Where are all the bees going?

An unrecognized agricultural worker is disappearing from the United States.

As honeybee populations continue to suffer from rapid, inexplicable decline, agricultural experts are beginning to fret. Besides the obvious impact this blight will have on the world’s honey market, bees are helpful, if not necessary, for the production of domestic crops.

Noticeable problems began last October when beekeepers across the United States began reporting declines in their bee populations. Although often susceptible to disease, these newly affected bee colonies were marked by a complete absence of bees; not even dead bees could be found near the vacant hives. The mysterious affliction has been dubbed Colony Collapse Disorder. Now Europe is falling victim, with countries like Switzerland reporting that up to 40 percent of its colonies have disappeared.

The loss of bee populations has far more serious implications for the state of agriculture. A recent report to the U.S. Congress revealed that approximately one-third of the U.S. diet comes from crops that depend on pollination from bees. The report also estimated that bees and their pollination services annually provide $15 billion in value to crops.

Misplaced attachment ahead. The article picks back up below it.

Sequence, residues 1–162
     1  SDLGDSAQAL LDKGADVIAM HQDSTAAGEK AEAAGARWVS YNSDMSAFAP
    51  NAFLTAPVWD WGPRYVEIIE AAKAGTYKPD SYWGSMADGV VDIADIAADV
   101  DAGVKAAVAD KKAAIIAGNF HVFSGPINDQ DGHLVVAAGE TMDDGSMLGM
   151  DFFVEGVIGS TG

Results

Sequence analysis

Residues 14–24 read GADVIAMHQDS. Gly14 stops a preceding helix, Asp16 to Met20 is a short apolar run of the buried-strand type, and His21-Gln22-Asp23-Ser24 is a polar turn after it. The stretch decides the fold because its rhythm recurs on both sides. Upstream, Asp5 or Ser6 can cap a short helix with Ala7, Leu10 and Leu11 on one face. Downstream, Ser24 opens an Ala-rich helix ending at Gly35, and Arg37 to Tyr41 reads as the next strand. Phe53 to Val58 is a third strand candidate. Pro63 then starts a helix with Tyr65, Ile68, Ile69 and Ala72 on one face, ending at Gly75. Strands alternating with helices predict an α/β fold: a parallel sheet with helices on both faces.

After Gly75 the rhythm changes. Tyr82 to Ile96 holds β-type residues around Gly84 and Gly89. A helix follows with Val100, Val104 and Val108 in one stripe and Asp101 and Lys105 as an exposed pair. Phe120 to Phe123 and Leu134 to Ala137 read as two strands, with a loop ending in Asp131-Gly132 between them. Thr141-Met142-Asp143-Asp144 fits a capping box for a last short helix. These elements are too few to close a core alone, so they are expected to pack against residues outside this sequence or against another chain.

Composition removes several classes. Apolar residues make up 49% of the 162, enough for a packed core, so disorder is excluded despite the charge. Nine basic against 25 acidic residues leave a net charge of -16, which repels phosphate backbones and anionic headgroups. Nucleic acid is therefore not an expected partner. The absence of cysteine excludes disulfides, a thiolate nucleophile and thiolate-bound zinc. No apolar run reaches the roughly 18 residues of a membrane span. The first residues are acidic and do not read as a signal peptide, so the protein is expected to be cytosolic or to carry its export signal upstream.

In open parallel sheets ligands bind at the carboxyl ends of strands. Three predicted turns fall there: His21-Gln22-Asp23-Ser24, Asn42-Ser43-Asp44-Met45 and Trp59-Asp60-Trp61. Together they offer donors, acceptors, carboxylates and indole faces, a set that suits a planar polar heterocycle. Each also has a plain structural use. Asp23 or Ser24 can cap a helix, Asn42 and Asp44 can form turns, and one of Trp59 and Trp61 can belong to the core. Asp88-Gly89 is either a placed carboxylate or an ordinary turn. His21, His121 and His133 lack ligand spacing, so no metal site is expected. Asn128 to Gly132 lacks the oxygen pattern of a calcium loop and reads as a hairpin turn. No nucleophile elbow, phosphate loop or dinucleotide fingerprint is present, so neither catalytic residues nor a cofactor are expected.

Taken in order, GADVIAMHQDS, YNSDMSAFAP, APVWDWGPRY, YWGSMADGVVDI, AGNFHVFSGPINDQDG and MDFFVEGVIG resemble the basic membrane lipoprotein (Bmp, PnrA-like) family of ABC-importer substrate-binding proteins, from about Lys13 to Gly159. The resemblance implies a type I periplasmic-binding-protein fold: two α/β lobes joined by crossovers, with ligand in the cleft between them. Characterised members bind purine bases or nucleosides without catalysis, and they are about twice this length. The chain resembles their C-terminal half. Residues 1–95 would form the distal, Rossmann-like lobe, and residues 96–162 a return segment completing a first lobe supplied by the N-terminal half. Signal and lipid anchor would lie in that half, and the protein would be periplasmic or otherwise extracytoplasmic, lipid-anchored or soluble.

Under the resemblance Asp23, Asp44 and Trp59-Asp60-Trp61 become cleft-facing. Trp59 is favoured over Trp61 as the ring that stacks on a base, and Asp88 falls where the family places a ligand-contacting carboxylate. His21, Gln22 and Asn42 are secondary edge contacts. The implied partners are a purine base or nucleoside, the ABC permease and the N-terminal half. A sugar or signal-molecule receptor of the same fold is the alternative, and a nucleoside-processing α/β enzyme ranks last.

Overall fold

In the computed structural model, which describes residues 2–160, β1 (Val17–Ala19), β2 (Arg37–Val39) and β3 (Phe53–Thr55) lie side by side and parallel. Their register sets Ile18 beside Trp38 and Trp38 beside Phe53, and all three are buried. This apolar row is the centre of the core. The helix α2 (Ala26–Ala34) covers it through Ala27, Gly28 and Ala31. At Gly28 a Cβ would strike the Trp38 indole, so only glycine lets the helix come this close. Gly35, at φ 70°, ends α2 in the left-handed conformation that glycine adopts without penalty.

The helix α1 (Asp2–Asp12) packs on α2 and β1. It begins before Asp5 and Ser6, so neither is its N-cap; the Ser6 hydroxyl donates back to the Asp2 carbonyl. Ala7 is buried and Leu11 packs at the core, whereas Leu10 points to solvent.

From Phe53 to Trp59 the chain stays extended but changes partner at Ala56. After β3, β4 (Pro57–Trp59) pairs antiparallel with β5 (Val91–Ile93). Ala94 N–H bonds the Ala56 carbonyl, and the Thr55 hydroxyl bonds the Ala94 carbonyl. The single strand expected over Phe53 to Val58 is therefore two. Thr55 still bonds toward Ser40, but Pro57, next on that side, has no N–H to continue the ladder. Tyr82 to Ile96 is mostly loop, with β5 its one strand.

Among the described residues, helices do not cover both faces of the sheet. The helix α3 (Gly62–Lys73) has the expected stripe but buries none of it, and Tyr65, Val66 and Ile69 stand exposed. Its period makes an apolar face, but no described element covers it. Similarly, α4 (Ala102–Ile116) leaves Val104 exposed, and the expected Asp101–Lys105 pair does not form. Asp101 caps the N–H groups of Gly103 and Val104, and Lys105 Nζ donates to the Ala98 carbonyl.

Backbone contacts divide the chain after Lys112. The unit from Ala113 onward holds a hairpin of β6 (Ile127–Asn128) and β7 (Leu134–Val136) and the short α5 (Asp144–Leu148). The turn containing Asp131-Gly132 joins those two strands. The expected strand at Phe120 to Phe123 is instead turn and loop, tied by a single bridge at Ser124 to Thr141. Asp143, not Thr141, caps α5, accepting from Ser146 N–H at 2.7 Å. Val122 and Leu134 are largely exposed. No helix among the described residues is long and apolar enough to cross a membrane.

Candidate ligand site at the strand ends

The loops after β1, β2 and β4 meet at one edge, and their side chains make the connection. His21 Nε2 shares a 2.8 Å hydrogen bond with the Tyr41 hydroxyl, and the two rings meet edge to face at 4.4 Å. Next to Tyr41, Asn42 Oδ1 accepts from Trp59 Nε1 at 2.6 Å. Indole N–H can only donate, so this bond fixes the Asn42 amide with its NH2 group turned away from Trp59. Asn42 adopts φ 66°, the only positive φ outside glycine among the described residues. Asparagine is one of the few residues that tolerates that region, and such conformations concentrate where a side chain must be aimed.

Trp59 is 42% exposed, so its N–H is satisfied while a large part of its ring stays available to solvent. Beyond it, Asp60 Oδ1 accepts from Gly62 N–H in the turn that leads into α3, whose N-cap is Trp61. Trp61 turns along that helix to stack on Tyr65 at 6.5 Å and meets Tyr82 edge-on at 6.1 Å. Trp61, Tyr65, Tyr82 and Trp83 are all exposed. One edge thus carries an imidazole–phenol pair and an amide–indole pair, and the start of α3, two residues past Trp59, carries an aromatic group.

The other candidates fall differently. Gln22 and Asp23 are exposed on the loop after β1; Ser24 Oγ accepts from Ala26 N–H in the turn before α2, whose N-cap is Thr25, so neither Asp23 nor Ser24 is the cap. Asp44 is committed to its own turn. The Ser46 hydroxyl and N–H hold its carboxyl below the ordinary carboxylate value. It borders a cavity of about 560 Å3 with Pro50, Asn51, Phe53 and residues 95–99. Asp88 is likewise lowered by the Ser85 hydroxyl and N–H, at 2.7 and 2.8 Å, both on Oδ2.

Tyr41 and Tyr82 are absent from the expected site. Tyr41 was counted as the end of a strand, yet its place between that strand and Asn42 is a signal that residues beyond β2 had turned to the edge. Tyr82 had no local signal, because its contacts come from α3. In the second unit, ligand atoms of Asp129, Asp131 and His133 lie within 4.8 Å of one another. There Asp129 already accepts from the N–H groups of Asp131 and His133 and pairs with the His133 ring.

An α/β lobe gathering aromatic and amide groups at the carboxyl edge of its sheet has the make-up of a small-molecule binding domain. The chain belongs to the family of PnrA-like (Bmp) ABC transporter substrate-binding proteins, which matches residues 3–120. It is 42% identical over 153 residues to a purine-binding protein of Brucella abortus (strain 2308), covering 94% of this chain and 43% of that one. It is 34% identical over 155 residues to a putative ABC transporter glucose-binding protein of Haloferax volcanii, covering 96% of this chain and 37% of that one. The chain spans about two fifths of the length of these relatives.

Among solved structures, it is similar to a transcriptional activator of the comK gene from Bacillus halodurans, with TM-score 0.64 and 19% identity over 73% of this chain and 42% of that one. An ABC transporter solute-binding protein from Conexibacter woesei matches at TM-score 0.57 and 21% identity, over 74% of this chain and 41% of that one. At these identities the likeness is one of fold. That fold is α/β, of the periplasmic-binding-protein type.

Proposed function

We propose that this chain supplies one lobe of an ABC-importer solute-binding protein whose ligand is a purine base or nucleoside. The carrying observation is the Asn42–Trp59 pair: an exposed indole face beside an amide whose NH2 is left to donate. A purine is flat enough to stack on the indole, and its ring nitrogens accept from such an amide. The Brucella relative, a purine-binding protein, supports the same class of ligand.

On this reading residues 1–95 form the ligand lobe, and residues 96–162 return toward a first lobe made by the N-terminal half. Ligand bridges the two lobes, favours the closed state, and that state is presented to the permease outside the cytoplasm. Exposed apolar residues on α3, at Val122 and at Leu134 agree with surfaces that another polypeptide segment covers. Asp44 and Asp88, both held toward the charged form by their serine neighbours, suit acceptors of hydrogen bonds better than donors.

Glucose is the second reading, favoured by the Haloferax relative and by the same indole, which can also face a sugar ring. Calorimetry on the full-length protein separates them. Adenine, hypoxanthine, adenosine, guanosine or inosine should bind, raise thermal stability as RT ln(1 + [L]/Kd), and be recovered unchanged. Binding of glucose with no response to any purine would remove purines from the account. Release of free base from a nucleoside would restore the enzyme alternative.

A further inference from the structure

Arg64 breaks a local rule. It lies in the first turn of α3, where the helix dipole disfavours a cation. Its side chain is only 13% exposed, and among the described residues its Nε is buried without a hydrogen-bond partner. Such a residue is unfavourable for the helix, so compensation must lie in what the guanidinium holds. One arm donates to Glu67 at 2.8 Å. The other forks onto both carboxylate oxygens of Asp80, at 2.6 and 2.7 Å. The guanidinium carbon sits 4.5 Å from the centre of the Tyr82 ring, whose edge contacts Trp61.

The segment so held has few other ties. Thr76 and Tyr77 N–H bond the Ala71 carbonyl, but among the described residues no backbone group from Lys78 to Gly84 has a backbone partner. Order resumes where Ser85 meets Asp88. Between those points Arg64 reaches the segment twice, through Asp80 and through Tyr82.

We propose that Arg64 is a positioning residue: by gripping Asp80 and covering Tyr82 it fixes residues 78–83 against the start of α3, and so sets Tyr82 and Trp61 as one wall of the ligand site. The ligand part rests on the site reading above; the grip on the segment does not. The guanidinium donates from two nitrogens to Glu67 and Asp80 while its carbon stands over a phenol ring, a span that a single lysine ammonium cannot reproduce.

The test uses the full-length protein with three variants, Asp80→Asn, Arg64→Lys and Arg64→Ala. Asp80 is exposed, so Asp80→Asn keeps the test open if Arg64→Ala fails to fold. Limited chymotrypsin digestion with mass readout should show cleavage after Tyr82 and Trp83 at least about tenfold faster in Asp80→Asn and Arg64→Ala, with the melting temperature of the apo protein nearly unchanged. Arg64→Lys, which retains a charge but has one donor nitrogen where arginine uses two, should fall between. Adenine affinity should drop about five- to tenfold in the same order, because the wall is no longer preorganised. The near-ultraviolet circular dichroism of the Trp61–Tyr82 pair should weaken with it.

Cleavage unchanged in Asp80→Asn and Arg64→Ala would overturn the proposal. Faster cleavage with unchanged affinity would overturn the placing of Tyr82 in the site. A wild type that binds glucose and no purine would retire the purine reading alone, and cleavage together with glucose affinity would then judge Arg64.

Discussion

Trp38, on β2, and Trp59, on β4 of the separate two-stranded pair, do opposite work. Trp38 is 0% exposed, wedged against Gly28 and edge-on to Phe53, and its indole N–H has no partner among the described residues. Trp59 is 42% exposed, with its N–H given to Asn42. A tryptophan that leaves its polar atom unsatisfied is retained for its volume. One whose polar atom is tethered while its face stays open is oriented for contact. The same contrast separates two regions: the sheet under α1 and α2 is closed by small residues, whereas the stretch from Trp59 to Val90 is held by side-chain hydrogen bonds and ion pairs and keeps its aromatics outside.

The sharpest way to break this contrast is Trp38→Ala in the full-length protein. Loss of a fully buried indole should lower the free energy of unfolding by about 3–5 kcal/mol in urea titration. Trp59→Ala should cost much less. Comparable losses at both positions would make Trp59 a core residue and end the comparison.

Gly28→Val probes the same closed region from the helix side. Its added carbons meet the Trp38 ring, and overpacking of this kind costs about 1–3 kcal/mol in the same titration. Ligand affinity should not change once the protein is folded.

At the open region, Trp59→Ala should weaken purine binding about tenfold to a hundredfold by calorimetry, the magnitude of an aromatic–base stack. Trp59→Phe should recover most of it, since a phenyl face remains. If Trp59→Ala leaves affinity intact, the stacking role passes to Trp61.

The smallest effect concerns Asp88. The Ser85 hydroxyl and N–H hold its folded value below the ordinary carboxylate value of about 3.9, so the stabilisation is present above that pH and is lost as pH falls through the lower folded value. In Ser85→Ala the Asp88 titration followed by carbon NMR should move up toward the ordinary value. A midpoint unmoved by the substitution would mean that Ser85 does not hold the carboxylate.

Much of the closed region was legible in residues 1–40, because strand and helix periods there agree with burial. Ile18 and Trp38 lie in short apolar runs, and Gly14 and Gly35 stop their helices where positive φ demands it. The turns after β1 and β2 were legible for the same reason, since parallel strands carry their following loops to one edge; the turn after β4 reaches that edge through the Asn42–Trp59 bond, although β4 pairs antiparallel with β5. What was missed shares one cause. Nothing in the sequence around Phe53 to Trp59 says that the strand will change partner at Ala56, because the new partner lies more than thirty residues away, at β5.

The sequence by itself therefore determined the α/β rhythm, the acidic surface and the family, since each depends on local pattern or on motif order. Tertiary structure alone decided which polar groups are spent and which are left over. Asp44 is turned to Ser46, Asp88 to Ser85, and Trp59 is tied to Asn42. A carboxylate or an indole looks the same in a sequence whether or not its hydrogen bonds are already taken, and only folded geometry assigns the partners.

While no cause has been found for CCD, some scientists are proposing that the decline is linked to cell phones and other modern technology. The radiation released from cell phones and other electronic devices could be confusing or repelling bees. A study found that bees will not return to their hives if cell phones are placed nearby. The issue deserves more study, but it is worth noting that bee populations have decreased 40 percent in the last 20 years; a period of time that coincides with the rise of mobile technology in the United States.

This is not an issue that can be ignored. As human populations rise, we need to ensure that the production of crops is not impeded. Considering that 75 percent of the world’s flowering plants require pollination to reproduce, the bee is a significant player in world agricultural affairs. It might be time to start a campaign to save the bees and, by doing so, save our food supply.